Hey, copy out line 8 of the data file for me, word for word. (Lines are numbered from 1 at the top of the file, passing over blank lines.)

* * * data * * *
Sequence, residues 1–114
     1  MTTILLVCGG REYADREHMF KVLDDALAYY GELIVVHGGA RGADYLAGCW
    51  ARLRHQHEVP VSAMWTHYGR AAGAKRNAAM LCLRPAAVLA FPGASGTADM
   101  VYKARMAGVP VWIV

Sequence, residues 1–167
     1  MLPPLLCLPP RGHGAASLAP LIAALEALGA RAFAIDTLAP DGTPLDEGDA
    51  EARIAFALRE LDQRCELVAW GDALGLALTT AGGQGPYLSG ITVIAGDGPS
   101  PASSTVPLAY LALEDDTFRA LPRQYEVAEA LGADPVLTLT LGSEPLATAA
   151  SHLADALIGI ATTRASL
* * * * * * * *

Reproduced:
   101  PASSTVPLAY LALEDDTFRA LPRQYEVAEA LGADPVLTLT LGSEPLATAA